US: That’s the point. You put enough L.A.W.S. in place, kids start hurting themselves whenever they move the wrong way. Keep it up and you’ll soon have entire schools full of orderly kids walking in nice, straight lines. And see, when they grow up that way, with L.A.W.S. poking at every side, when they finally leave, they might even be able to keep walking in a straight line even when there are no L.A.W.S. That’s the hope, at least, but we’re not sure we’ll ever get there.
ME: So you’re actually selling these to schools right now?
US: And churches, too.
US: Oh yeah, my number-one customers. They’re all about the straight-and-narrow path, so making it literal helps keep people in line. Churches have me on speed-dial! And even bring me casseroles and roasts and such. It’s a great deal! That’s why I’m looking for an apprentice. I’m up to my eyeballs in work and I’m only hoping to expand. Soon, we can have L.A.W.S. everywhere keeping everybody safe.
ME: Doesn’t that seem a little counter-intuitive? I mean, you could kill yourself trying to stay within the lines.
US: That’s the price you pay for safety. And what do you need to go all over the place for, anyway? All we need are pathways to where we need to go and fill every other space with L.A.W.S.
ME: Well, with all due respect, you can’t possibly fill every space, can you? You’ll always need places without them. I mean this chair I’m sitting in doesn’t have L.A.W.S.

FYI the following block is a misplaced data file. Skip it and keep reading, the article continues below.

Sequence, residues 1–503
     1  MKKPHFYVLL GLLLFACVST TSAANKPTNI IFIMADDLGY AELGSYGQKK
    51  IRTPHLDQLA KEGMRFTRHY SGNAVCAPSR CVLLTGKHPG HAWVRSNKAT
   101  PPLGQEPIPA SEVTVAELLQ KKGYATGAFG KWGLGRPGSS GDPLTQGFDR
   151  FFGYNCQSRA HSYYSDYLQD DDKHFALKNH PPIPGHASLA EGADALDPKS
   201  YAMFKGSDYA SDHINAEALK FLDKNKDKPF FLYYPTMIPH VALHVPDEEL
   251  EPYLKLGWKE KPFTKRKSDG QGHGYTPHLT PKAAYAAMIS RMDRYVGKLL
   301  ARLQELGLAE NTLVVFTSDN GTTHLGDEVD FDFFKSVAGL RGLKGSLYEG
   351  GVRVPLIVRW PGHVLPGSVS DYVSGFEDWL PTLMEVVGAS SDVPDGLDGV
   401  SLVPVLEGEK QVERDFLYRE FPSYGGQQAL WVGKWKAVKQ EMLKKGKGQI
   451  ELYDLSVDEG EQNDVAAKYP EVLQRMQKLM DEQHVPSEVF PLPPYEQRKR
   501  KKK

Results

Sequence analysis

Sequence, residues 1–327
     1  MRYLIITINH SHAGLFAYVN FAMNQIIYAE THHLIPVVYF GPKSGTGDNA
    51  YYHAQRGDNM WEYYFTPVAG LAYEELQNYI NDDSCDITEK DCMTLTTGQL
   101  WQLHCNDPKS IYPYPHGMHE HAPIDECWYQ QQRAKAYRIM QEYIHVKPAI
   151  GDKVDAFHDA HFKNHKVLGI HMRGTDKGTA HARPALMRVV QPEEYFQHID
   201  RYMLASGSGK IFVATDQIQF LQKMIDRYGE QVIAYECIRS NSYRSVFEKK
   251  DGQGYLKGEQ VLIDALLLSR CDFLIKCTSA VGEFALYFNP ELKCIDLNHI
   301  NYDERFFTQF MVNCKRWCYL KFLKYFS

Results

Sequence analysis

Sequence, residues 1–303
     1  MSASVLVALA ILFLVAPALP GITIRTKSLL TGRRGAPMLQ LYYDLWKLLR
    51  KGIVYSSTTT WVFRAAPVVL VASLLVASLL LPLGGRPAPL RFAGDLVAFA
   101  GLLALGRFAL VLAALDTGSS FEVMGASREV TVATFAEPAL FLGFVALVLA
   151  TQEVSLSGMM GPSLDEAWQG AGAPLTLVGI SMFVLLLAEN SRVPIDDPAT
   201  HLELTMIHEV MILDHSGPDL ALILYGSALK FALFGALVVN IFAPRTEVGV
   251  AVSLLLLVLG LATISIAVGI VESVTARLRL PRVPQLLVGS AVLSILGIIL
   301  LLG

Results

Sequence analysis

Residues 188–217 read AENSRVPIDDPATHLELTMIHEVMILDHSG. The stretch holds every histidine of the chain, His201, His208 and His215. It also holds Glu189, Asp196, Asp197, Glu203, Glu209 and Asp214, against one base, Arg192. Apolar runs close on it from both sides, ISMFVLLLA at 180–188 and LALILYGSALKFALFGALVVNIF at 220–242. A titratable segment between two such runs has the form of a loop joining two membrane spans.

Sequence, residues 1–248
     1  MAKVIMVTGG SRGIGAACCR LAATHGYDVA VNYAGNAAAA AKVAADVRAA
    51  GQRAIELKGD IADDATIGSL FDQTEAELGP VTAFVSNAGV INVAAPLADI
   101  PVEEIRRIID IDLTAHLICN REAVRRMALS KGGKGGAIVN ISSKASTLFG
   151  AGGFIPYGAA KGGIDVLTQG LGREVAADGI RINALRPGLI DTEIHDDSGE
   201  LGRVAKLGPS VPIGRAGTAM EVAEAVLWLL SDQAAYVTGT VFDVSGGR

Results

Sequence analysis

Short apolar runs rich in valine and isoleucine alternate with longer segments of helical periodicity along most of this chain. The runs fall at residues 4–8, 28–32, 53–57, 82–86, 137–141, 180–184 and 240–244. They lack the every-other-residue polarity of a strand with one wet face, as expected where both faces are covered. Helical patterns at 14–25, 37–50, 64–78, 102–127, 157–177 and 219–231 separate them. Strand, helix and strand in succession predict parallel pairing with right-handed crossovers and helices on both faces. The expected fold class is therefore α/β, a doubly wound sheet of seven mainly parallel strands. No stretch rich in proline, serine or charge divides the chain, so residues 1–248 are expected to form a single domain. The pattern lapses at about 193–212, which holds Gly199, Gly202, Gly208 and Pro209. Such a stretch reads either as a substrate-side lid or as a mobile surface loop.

US: Hmm, you have a good point there.
US: That chair is completely unsafe! Stand up, stand up, I’m so terribly sorry! I can’t believe I had you sit there! [I stand up, completely confused. Uncle Sam takes a pile of foot-long L.A.W.S. and starts stabbing the cushions with spikes, penetrating at all angles until he runs out and the chair looks like a medieval mace.] Well, I’ll have to make some more and finish later. But that’ll do for now, and there’s still just enough room to sit!
ME: No, thank you, I’ll stand. But actually, my point was that even among rows and rows of L.A.W.S., there will always be gaps between them. I mean, that’s they’re nature; they always come to a point, so there’s always a space, isn’t there?
US: I was afraid of that, too. But I just started making smaller L.A.W.S. to fit between the gaps. See, look around you. There are little spikes within the big ones so that there’s no wiggle room. Now how safe is that? Now, yes, there are still some gaps, but I’m working on that, making them smaller and smaller. In fact, take a look here. [He picks up what looks like a toothpick.] This is my crowning gem, the smallest one I ever made. You wouldn’t even see it unless you were looking for it.
ME: Yes, people would cut themselves without knowing why.
US: Exactly. And the fewer gaps, the fewer problems. If it were up to me, I’d fill every school, every church, every business, and every building with L.A.W.S. I want everybody to be safe! [Sam leans over and points his finger at me.] I want you to be safe! Here, take this one as a souvenir. [He hands me the toothpick.] Beauty, isn’t it?
ME: It’s certainly–[SNAP! The ultra-fine wood snaps in my fingers without me even trying.] Oh my gosh, I’m so sorry! I didn’t mean to–[I freeze at Sam’s glare. He’s bristling like the rest of his house. I look at the crossbow strapped across his back, and the quiver of L.A.W.S. I am afraid.]
2 thoughts on “L.A.W.S. A Thinly-Veiled Metaphor for Bad Government”
So good my friend. I shared on FB.
Why thank you for that! I appreciate it.